CCSGA Weekly

CCSGA’s Proposal Regarding Antiracism Implementation Plan

By Ethan Greenberg

Student Body President

First, a quick update on CCSGA’s newest members. Last Thursday, first-year elections were held. There were 11 candidates and turnout was a recent-record 51%. The first-year class elected Fer Juarez Duran, Joshua Luckey, and Maddi Schink as their representatives. CCSGA extends a warm welcome to them, and also congratulates all 11 candidates for their engagement and creative campaigning.

Now to the topic at hand: antiracism implementation. 

Over the course of the 2018-2019 academic year, Colorado College underwent an external review of racism. This review culminated in a final report delivered in May 2019. 

Over summer 2019, a small group with student, faculty, administrative, and Board of Trustee representation met and in August put forth a Draft Implementation Plan with seven goals and associated timelines. One of those goals –  Goal 3 – was entitled “invest in student antiracism resources and efforts,” and the plan named the Colorado College Student Government Association (CCSGA) as a party to its implementation. 

At the beginning of Block 1, President Tiefenthaler requested that CCSGA submit a proposal for implementation of this goal. CCSGA sent this proposal to the student body on Sept.10 to solicit feedback, and then to President Tiefenthaler on Sept. 17

In the document, CCSGA made several requests. 

As an overarching principle, CCSGA advocated that students must be included in whatever governing/oversight/operations committee is charged with antiracism implementation. 

Currently, there is no standing stakeholder group focused on diversity, equity, inclusion, and antiracism that includes students. This absence is a relatively recent development. Historically, both the Minority Concerns Committee and the Women’s Concerns Committee had student members. Likewise, ad-hoc and temporary committees related to this work have involved student members: the Antiracism Steering Committee that oversaw the External Review as well as the small group that formed the Draft Implementation Plan included students.

However, when the Minority Concerns Committee and the Women’s Concerns Committee were merged to create the Diversity and Equity Advisory Board (DEAB) in 2014-15, student membership was eliminated. CCSGA has consistently petitioned the DEAB to include students; the DEAB has consistently resisted.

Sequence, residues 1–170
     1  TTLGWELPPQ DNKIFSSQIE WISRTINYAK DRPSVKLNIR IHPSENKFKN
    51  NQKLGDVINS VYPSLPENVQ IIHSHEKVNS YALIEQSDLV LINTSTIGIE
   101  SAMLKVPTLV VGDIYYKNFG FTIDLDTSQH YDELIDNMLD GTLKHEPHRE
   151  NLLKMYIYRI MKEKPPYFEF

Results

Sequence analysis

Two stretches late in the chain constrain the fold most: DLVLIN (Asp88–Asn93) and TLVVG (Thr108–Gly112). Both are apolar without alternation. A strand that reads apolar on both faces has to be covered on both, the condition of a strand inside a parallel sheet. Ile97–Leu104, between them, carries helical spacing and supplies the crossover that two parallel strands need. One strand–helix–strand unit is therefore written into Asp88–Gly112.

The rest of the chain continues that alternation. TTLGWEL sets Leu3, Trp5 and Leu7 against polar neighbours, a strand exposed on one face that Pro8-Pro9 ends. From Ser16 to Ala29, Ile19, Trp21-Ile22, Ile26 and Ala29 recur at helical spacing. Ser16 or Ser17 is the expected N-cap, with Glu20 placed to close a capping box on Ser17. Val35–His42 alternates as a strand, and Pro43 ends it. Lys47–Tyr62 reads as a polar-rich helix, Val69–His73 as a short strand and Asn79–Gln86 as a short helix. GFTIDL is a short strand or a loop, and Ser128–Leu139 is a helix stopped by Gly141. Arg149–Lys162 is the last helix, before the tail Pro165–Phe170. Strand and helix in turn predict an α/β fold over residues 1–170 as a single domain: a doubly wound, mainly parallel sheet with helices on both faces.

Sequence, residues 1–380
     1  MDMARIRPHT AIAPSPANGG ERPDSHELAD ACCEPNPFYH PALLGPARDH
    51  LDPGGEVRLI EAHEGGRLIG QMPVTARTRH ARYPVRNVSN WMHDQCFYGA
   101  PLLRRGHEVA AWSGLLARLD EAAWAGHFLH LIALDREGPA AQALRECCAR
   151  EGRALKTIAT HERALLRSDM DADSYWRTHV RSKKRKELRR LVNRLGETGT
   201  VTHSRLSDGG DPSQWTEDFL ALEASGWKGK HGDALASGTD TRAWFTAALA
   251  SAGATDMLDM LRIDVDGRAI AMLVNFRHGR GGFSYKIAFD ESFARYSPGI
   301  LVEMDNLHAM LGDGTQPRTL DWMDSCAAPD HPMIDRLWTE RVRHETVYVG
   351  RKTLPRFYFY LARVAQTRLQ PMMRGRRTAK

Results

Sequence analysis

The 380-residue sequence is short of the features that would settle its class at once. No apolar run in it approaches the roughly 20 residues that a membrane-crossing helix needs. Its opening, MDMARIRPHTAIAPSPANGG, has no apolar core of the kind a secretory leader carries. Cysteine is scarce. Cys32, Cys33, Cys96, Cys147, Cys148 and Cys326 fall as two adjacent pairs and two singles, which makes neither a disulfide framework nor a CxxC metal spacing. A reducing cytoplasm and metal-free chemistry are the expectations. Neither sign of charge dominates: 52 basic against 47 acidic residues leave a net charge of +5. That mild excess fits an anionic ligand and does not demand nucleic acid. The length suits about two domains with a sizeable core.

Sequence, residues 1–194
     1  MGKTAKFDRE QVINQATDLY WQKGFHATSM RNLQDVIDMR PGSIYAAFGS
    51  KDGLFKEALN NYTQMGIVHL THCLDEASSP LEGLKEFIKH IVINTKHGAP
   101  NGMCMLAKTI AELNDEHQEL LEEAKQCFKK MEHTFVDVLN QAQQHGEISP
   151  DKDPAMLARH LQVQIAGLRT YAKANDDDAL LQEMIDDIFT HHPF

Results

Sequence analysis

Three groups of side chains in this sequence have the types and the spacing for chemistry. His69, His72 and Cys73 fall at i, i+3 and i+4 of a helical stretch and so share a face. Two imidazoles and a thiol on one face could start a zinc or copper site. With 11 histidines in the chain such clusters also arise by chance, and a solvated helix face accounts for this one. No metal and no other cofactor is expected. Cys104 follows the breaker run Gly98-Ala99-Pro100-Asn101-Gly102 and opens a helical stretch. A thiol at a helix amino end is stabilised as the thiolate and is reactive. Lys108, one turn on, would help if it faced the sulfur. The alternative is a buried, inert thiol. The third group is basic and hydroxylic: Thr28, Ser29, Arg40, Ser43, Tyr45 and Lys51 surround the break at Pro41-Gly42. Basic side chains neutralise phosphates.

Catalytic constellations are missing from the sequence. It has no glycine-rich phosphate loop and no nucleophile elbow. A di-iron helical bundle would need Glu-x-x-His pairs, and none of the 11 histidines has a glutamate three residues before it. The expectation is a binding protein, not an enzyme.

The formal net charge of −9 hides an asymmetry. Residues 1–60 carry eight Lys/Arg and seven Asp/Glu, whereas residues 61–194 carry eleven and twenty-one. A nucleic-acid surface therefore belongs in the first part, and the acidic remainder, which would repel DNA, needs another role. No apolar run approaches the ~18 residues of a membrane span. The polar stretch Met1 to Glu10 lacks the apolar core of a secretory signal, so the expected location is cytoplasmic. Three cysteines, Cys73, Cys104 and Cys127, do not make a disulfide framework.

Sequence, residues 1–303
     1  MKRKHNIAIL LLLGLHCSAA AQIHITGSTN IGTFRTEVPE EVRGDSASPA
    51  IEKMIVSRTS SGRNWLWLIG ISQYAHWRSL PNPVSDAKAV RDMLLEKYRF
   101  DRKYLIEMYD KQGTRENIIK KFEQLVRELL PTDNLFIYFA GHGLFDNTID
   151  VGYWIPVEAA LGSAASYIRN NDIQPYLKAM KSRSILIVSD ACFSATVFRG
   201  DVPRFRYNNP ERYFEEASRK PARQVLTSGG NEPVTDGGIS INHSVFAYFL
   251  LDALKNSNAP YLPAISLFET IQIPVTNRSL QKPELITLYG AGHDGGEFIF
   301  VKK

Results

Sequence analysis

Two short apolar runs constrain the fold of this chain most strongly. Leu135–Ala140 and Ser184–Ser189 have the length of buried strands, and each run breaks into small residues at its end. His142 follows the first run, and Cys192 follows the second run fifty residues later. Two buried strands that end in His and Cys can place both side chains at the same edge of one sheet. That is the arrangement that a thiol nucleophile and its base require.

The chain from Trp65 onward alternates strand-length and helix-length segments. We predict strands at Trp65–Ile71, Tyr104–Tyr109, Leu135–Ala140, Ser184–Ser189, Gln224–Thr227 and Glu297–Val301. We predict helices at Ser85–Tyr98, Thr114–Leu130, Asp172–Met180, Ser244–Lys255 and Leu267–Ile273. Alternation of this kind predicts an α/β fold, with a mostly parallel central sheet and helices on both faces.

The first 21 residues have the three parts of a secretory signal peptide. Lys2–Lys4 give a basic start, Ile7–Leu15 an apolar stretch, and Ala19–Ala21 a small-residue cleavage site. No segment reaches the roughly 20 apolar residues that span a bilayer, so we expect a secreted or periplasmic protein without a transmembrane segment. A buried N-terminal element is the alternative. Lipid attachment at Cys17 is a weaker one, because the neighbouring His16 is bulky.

The DEAB states that they deal primarily with faculty and staff issues, and thus student membership is not appropriate. CCSGA recognizes this rationale, but simultaneously asserts that if the DEAB continues to articulate this rationale, it cannot play a major role in antiracism implementation for the entire campus. So long as the DEAB operates without permanent student members, it has no place governing or overseeing campus-wide antiracism implementation. 

In CCSGA’s proposal, we proposed a committee structure that would include students. For space, this article will not detail the specific structures, but suffice to say, it includes students. 

The other aspects of CCSGA’s proposal dealt with the policies/structures included in Goal #3 of the Plan. Specifically, Goal #3 outlines two major programs: an internship/employment structure for students working on antiracism efforts and antiracism grants available to students. 

For both programs, CCSGA advocated that these opportunities be simultaneously open to all students and require a commitment to training around antiracism to ensure that the outcomes of the internships are constructive, rather than destructive, to antiracism efforts. Both student participants and their supervisors in the case of internships and sponsors/advisors in the case of grants would be included in this effort.

For internships, CCSGA encouraged that the allowable affiliates/supervisors be broad, including community organizations and community partners. CCSGA recognizes that working with community partners poses a challenge to accountability procedures and may require a higher bar than internal applications; nevertheless, CCSGA believes antiracism work in partnership with external stakeholders is worth this challenge. Antiracism cannot be constricted to campus borders. 

The administration has taken Block 2 to review the comments and proposals submitted during Block 1, with the goal of releasing a final implementation plan at the end of Block 2 or beginning of Block 3. CCSGA looks forward to reviewing the updated plan and ensuring student involvement in its operation. 

 

Ethan Greenberg

Ethan Greenberg

Ethan Greenberg

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